Look Before You Leap
There was only one person who could embarrass me more then my mother, and that was her sister, my aunt Madeleine. I was named after aunt Madeleine but since I was a young girl my friends all called me Maddie - as in Mad, because of all the crazy antics I got up to. But I had to do something to alleviate the boredom of our prissy, all girl boarding school in Sussex, didn’t I?
When I left school I ran all the way to London to escape the boredom of my little village in Sussex and continued a similarly mad and crazy existence. Even after all the late nights, weird dates, crappy jobs and having lived in some of the worst areas in London, I managed to survive.
So here I was, this twenty-seven year old fashion buyer in a fabulous studio flat in Victoria with great friends, a boss to die for and I was still reduced to a blubbering idiot when I was asked the age old question by my relatives: So when are you getting married?
This time it was Aunt Madeleine who asked it. I was at Sunday lunch at mum’s and aunt M had just announced that her beloved, Katia, was engaged. Every one of my sisters and female cousins were married, engaged or living with someone, except me. Katia was the last of the youngest of them to ‘get her man,’ as Mum called it.
‘Yes, Maddie, darling?’ Mum chimed in as she went to put a slice of roast beef onto my plate. ‘I thought James would have gotten down on one knee on Valentine’s Day.’ She scrutinised my ring finger as if I could have forgotten to tell her the one thing I’d hoped would happen since I first realised I was on love with James.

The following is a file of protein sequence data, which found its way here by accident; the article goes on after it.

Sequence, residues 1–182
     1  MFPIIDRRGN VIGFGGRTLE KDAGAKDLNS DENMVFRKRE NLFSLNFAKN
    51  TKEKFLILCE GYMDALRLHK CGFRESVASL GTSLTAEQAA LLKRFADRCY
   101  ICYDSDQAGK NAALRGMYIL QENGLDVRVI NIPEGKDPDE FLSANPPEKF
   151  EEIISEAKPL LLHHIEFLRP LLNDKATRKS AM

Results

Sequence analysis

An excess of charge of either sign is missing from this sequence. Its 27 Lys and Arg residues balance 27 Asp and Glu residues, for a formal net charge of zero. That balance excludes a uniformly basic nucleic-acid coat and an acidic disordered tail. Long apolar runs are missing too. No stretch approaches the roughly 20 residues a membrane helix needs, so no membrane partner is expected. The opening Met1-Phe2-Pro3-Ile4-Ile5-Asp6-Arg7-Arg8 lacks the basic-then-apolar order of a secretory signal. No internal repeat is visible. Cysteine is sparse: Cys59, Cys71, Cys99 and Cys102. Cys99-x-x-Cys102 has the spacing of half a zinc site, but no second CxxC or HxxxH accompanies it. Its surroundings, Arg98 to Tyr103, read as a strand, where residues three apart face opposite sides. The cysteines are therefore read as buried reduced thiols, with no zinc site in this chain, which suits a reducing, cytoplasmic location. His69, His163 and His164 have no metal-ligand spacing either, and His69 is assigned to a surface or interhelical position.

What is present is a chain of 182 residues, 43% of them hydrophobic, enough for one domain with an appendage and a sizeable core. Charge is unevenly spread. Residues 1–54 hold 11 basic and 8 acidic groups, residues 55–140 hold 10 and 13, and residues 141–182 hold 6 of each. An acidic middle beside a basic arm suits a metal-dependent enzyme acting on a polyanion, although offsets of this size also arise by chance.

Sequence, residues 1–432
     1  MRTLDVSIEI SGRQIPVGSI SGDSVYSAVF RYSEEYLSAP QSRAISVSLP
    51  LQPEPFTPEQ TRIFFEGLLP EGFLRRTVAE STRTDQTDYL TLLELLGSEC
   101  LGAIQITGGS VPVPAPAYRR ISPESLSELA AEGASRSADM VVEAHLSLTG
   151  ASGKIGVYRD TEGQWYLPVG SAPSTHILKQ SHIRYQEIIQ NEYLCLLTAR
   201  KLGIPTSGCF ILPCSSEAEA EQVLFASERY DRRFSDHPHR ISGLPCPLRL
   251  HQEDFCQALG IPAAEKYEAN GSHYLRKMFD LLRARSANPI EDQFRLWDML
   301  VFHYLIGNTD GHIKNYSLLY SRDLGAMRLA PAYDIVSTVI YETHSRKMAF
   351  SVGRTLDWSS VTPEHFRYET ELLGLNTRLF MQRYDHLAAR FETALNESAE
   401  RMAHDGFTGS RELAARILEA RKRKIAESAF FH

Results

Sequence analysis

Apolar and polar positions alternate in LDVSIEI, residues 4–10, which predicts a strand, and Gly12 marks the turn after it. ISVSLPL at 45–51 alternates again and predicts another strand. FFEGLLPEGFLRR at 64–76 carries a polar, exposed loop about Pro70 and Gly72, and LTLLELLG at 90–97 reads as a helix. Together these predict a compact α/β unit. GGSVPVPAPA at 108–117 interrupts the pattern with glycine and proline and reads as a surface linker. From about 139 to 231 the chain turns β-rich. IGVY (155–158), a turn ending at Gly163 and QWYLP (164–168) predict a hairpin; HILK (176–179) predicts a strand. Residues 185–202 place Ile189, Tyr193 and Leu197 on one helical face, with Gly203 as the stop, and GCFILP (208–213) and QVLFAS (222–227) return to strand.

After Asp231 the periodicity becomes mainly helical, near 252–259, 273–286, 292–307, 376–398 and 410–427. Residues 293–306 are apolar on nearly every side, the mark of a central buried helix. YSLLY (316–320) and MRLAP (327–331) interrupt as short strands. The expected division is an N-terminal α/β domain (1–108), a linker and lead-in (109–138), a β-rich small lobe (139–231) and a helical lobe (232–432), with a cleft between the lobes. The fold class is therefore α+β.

‘I guess we were all wrong about James,’ I said pouring too much gravy, especially when I knew how much Mum’s gravy sucked.
My mind drifted back to the day I met James; I threw a whole cocktail over him. I was aiming at the lunatic at the bar in Mayfair who had just asked me to perform obscene acts on him back at his place. What a cheek – I’d never even laid eyes on him before. So of course he needed a Cosmo dowsing down. He was fast, stepped out of the splash of sticky cocktail while James managed to step right into it – luckily for me as it turned out.
James was the most romantic man I knew. He’d already said he loved me, so when on Valentine’s night he produced absolutely nothing in a little velvet box, you can understand why I lost it completely. I didn’t mean to push him into that puddle outside the restaurant but when he waved a taxi down for me to get into without even a good night’s kiss, I lost it big time and just pushed him.
It wasn’t only the push into a puddle (which almost meant him falling in front of the taxi) but I told him we needed a break. He was crest fallen, he didn’t know what hit him. But I leapt into the taxi and told the driver to put his foot down. I couldn’t bear to see James’ face. For over a week I didn’t take his calls and I made the girl on reception lie and say I was in Paris when he came to my office at the department store in Regent Street.
I left mum’s and drove back to London with the radio on full, doing my worst rendition of All By Myself, a la Bridget Jones Diary. You know the deal?